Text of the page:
New York Rangers fans needn’t look any further than across at the opposing bench to be reminded how an impactful third line can swing a series or — heck, why not dream? — a Stanley Cup run.
Yes, the young, cheap trio of Alexis Lafrenière (age 20), Filip Chytil (22), and Kaapo Kakko (20) is growing into the not-so-secret weapon that the Tampa Bay Lightning’s heralded Blake Coleman–Yanni Gourde–Barclay Goodrow triumvirate became during the defending champs’ two-year reign.
Tilt the ice.
Supply great bang for a reasonable buck.
And pop up on the scoreboard.
“That’s why we’re still here. We’re getting scoring from that line,” Rangers coach Gerard Gallant told reporters Wednesday, the night his club decisively swiped Game 1 by a score of 6-2.
“If you’re going to advance deep in the playoffs, you need scoring from everybody. And those kids really stepped it up and played good hockey. No doubt.”
Rust trumped Rest early in the Eastern Conference Final, with the Blueshirts not skipping a beat in their every-other-day schedule.
Fifty-goal man Chris Kreider beat Tampa’s vaunted Andrei Vasilevskiy on the series’ opening shot, thanks to a sneaky no-look pass from Mika Zibanejad, and gave the home side a lead it would not relinquish.
Goals from Steven Stamkos, Frank Vatrano and Ondrej Palat followed, knotting the contest 2-2 and setting the stage for a four-goal explosion from New York’s dynamic cast of forwards.
“This isn’t on him at all,” Lightning coach Jon Cooper said, defending his goaltender after “Igor’s better!” chants rained down in Madison Square Garden.
“We could have put both goalies (in net). The pucks are still going in.”
Chytil sniped his third game-winner of the post-season by one-timing a pretty Kakko pass from behind the net, then provided his own insurance with a second one-timer off a feed from K’Andre Miller (age 22).
“He’s the (third)-longest-tenured Ranger on the team,” defenceman Jacob Trouba teased. “So I don’t know how he can be considered a kid anymore.”
Regardless, Chytil doesn’t mind the nickname for his unit of first-round draft picks — which has combined for 10 goals this post-season despite limited ice time.
Lafreniere-Chytil-Kakko outscored the Lightning 2-0 and combined for five points in the series opener, and not one forward reached 14 minutes of ice time.
“I’m really happy with how we grow with every game. It’s our first playoff for all three of us,” said Chytil, heating up with five goals in his past three outings.
“Just playing every game hard, playing for the team. We’ve scored some important goals. It’s a great experience for all three of us.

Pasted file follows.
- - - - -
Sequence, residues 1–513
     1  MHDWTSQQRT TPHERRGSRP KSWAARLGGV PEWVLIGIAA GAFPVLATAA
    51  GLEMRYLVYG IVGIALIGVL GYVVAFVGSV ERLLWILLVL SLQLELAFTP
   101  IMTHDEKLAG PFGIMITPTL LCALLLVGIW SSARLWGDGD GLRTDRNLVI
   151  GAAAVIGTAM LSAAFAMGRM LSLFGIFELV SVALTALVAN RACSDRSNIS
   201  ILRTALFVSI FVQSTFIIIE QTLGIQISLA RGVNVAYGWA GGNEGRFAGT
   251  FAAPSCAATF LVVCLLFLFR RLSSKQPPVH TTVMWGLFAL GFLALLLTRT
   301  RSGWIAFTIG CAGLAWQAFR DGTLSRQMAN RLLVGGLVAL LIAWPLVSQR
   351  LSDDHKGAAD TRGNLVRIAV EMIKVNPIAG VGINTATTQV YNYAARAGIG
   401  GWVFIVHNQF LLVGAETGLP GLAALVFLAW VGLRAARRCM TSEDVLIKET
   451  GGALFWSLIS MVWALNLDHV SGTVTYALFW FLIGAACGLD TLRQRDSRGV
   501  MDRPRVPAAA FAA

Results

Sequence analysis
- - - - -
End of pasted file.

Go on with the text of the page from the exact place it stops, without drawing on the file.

“We’re young guys, so we’re not thinking too much about anything else. We’re just having fun out there, playing hard and working for the team.”
What a wonderful bonus for general manager Chris Drury, who is reaping incredible benefit from an exuberant trio that, combined, only counts $4.15 million against his salary cap. Even better, only Kakko, a restricted free agent without arbitration rights, is due for a summer pay bump.
In a salary-cap world, it’s not only helpful for a few playoff performers to punch above their financial weight class. It’s necessary.
The Kid Line is but one example of that in New York.
The Rangers are also milking tremendous value out of Miller and top defenceman Adam Fox (up to 20 points in 15 playoff games), still on their entry-level contracts.
The emergence of a confident Chytil as an offensive threat, though, is particularly timely. The centreman scored just eight goals in the regular season and is suddenly up to seven in 15 playoff games.
At one point in the season, Gallant challenged the youngster to model his game after top pivot Mika Zibanejad, a reliable two-way force.
“He got the message,” Gallant said. “He deserves what he’s getting right now.”
Fox’s Fast 5
• Brayden Point, who suffered a significant lower-body injury in Game 7 against Toronto, skated at Madison Square Garden Wednesday morning and is eager to get back in action.
But Cooper tempered expectations: “Pointer is playing hockey again. We just don’t know whether it’s this season, next season, this round.”
• How’s this for an unexpected stat?
The past seven times a rested team coming off a playoff sweep has met a team coming off a seven-game series, the team fresh off the seven-gamer has been victorious.
“Maybe the negative part of it is, you’ve been out of the fight for a little bit,” Cooper said. “Now you gotta get yourself back into it.”
• Vasilevskiy surrendered more goals in 35:43 against the Rangers (four) than he did through four games against the Florida Panthers (three).
• Nick Paul, an impending unrestricted free agent, made a pedestrian $1.35 million this season. Thriving as both a role player and now in a promoted role with Point sidelined, the former Ottawa Senator is about to get paid.
“Character guy. Works hard. Scored a big goal for us,” said Gallant, who coached Paul for Team Canada at 2021’s golden world championships. “Outstanding kid.”